Suddenly, he jerked awake, instantly alert to the sounds of a door slamming shut. The chair creaked and groaned as he struggled to get up; the Barcolounger had seen better days but he refused to give it up; it fit his form, he insisted. He stuck his feet into an old pair of sandals as he heard a voice—a screech from his wife.
"Get in here, Gil! All these groceries are for you! Get out of that damn chair and bring them into the kitchen!" Her loud yell grated on his nerves, but he hiked his shorts and headed to the kitchen. The dog, well aware of the scolding he would get for entering the kitchen, lifted his big head, gave a quiet moan, and resumed his nap next to the chair.
A quick imagine entered Grissom's mind. He wished he could jump this ship—a tropical island, cool breeze moving a hammock while he drank a beer and watched lovely women—real women with hips and breasts and luscious smiling lips. Instead, he answered, "Yes dear. Whatever you want—how about tea? Would you like some tea?"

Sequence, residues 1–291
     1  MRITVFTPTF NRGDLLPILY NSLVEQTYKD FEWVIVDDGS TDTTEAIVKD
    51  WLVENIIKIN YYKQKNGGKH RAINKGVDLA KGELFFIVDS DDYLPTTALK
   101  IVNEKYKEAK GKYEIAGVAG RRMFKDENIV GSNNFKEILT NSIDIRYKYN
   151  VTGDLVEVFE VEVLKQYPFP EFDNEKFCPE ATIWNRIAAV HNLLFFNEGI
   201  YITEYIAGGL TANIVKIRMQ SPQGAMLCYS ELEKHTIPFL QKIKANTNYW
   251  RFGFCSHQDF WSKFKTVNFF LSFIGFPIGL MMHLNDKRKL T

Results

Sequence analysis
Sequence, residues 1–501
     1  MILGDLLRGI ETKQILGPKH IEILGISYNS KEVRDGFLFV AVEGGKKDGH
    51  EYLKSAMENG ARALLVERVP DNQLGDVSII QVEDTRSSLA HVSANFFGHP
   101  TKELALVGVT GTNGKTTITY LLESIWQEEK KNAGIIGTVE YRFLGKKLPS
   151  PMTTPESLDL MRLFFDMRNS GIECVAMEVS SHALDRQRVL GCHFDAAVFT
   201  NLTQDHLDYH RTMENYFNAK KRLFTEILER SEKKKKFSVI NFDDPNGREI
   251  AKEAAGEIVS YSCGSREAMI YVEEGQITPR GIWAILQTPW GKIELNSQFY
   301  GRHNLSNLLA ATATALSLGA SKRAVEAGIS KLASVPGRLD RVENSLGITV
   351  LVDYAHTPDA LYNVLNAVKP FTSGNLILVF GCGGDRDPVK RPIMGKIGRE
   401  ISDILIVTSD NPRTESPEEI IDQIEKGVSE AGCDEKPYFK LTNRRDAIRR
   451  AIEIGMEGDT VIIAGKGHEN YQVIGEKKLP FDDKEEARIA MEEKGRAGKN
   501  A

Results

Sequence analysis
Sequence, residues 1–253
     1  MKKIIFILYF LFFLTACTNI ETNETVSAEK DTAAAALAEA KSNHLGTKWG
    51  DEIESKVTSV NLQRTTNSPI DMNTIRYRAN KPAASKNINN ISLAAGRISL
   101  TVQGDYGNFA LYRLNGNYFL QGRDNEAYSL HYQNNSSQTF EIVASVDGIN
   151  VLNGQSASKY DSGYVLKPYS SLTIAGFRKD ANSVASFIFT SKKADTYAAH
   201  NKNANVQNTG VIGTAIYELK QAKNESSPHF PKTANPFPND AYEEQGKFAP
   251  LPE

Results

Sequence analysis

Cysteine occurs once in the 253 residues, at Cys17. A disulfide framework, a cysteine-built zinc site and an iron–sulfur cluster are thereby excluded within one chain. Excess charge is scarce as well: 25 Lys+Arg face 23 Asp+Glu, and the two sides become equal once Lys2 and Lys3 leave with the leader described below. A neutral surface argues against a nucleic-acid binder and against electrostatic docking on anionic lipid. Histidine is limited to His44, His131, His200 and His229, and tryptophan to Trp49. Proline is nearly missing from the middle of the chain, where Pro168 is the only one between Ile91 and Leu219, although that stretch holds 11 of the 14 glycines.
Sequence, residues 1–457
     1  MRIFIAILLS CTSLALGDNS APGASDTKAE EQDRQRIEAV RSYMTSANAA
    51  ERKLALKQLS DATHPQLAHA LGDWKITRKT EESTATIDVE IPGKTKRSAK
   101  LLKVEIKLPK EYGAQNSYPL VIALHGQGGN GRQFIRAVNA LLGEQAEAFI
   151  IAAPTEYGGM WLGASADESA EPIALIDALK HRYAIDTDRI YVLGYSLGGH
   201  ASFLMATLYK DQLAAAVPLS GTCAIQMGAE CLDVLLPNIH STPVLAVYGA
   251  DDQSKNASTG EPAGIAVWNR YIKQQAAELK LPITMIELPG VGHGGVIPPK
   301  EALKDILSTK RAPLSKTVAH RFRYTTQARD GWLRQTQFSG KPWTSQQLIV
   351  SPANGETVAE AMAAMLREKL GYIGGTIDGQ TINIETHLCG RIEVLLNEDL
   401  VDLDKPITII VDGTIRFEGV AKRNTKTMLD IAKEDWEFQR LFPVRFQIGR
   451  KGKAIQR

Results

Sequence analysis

His wife gave him a penetrating stare. "What have you been doing? You know my temp is up—we got to do it quickly! You better not be drinking beer—or anything else! Are you wearing those boxers I got you? This had better work this time. I'm the one taking the shots and doing everything while you sit around the house! Are you going to bring in the groceries or do I have to tell you to do everything?" She paused for a quick breath. "I'm getting in bed. Get yourself ready. I hope you took a shower while I was gone."